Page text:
The year was 1839. Thousands of miles from home and only 20 minutes from the shore of Sydney proper, a group of convicts arrived on Cockatoo Island. These weren’t the newbies condemned to the fledgling Australian colony for stealing bolts of cloth; they were the secondary offenders, the ones that took to salvation like a cat baptized in the Parramatta River.
Whatever their infraction (and it didn’t take much to be a serial offender), they were punished with long hours at the Cockatoo Island quarry. Stone by stone, the prisoners built the guardhouse that watched over them and the various other official buildings needed to run an isolated penal colony.
In fact, the prisoners built their own jail and until it was completed they slept in locked wooden boxes. Even less beguiling were the isolation chambers they dug themselves around the Military Guardhouse.
Bill Day, a misunderstood soul, once found himself in an isolation chamber for spearing a fellow inmate with a piece of timber. Years down the road, an official investigation would declare the chambers inhumane, but unfortunately for Bill that hadn’t happened yet. He might have counted himself lucky for receiving any sort of nourishment, but then food had a nasty habit of attracting hordes of giant rats.
“In the morning I found my visitors had gnawed their way through my jacket and carried off every particle of eatables. Also they had eaten through the toes of my boots to gain entrance.”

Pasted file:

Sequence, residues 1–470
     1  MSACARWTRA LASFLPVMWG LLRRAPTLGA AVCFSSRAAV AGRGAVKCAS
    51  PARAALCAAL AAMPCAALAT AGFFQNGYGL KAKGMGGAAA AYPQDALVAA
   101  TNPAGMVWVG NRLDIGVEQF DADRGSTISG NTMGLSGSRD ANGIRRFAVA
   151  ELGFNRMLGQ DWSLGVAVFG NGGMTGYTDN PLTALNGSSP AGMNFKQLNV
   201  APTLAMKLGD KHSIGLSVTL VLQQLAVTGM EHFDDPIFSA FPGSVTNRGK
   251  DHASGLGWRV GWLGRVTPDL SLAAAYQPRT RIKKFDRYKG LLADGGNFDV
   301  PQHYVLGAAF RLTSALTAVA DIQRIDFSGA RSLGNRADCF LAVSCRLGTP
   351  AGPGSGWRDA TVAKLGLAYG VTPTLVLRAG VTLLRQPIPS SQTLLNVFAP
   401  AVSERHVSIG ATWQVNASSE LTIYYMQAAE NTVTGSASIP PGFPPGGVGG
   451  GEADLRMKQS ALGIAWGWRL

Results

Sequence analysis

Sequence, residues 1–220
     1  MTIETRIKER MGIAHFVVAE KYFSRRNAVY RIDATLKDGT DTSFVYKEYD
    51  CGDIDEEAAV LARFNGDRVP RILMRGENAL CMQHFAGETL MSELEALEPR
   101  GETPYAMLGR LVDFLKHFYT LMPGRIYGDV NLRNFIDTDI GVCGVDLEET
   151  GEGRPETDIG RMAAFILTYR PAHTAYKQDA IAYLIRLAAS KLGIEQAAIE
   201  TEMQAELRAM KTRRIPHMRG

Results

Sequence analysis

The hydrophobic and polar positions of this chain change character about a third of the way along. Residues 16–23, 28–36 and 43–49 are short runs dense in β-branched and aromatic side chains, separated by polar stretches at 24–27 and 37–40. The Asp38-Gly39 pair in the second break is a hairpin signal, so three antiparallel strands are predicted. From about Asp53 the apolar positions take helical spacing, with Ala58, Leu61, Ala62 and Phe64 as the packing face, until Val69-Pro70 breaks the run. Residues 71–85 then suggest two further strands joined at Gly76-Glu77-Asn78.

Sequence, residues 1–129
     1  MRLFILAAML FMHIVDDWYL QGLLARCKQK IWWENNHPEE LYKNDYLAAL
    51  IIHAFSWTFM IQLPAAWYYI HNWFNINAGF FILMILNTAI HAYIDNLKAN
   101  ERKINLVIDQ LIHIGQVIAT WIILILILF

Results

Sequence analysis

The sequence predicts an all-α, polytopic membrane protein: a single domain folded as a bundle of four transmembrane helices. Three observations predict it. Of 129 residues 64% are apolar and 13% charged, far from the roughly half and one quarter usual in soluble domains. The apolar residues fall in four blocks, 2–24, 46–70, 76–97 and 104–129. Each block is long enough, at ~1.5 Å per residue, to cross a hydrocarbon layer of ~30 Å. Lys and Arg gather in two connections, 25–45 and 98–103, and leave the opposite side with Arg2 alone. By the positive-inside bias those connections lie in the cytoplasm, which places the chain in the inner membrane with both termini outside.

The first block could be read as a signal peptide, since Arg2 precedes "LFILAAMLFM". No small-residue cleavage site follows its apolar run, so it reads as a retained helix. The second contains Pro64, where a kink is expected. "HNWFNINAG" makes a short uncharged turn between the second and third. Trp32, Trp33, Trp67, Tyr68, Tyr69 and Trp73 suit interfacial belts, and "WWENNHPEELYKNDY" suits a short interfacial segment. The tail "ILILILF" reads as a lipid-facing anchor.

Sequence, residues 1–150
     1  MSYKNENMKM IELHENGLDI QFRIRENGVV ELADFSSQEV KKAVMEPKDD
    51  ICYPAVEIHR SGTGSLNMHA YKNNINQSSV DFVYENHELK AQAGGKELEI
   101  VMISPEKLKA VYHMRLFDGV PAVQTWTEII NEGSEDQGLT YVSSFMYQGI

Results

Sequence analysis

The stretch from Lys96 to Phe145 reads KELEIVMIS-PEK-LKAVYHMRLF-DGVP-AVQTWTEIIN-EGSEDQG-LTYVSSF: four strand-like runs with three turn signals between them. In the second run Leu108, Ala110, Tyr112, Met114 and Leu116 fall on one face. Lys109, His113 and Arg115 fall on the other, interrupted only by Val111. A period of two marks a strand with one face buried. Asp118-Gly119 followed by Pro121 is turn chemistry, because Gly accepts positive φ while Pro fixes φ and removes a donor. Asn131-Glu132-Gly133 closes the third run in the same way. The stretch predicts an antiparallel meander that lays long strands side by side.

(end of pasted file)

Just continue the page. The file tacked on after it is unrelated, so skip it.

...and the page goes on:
Because the Sydney Harbour is blessed with deep water that runs right up to the shore, it wasn’t long before convicts began construction on a dock. It took ten years to make and once it was finished the island slowly transitioned into a shipbuilding complex.
By 1913 Cockatoo Island was the dockyard for the Royal Australian Navy and employed about 4,000 men during its peak. Following the fall of Singapore during WWII, the island became the major shipbuilding and dockyard facility for the South West Pacific and only ceased operation in 1991.
Nowadays Cockatoo Island is World-Heritage-listed and open to the public. It’s also the only place where you can go camping or even glamping (deluxe pre-assembled tents) in the Sydney Harbour. The prices range from $45-$310 and as audacious as that sounds, people claw each other to pay that much to camp there New Year’s Eve.
Yes, the view is that good. However if you are not lucky enough to win a spot for NYE, you can always enjoy the historic walks and the Island Bar year round. I definitely recommend soaking up the view with a pizza and a bucket of drinks, it’s what the convicts would have wanted.
About: The Island Bar